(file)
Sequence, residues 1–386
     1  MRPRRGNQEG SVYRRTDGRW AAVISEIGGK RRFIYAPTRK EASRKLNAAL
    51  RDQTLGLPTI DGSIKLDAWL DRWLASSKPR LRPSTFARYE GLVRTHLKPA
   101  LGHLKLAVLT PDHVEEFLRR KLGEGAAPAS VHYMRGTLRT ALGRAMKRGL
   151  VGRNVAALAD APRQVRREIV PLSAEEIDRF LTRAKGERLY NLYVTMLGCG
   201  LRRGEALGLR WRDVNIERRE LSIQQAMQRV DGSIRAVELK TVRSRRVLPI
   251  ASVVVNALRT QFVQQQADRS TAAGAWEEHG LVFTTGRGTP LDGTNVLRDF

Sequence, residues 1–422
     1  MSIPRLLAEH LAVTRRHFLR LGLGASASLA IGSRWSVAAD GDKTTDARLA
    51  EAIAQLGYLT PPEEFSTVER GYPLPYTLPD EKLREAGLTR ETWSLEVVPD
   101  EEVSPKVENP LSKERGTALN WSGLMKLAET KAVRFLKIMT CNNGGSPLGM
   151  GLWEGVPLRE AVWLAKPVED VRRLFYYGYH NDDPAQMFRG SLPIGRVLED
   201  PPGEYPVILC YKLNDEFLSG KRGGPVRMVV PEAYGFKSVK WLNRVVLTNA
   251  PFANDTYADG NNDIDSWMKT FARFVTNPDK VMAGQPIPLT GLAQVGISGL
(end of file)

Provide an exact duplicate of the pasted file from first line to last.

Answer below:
Sequence, residues 1–386
     1  MRPRRGNQEG SVYRRTDGRW AAVISEIGGK RRFIYAPTRK EASRKLNAAL
    51  RDQTLGLPTI DGSIKLDAWL DRWLASSKPR LRPSTFARYE GLVRTHLKPA
   101  LGHLKLAVLT PDHVEEFLRR KLGEGAAPAS VHYMRGTLRT ALGRAMKRGL
   151  VGRNVAALAD APRQVRREIV PLSAEEIDRF LTRAKGERLY NLYVTMLGCG
   201  LRRGEALGLR WRDVNIERRE LSIQQAMQRV DGSIRAVELK TVRSRRVLPI
   251  ASVVVNALRT QFVQQQADRS TAAGAWEEHG LVFTTGRGTP LDGTNVLRDF

Sequence, residues 1–422
     1  MSIPRLLAEH LAVTRRHFLR LGLGASASLA IGSRWSVAAD GDKTTDARLA
    51  EAIAQLGYLT PPEEFSTVER GYPLPYTLPD EKLREAGLTR ETWSLEVVPD
   101  EEVSPKVENP LSKERGTALN WSGLMKLAET KAVRFLKIMT CNNGGSPLGM
   151  GLWEGVPLRE AVWLAKPVED VRRLFYYGYH NDDPAQMFRG SLPIGRVLED
   201  PPGEYPVILC YKLNDEFLSG KRGGPVRMVV PEAYGFKSVK WLNRVVLTNA
   251  PFANDTYADG NNDIDSWMKT FARFVTNPDK VMAGQPIPLT GLAQVGISGL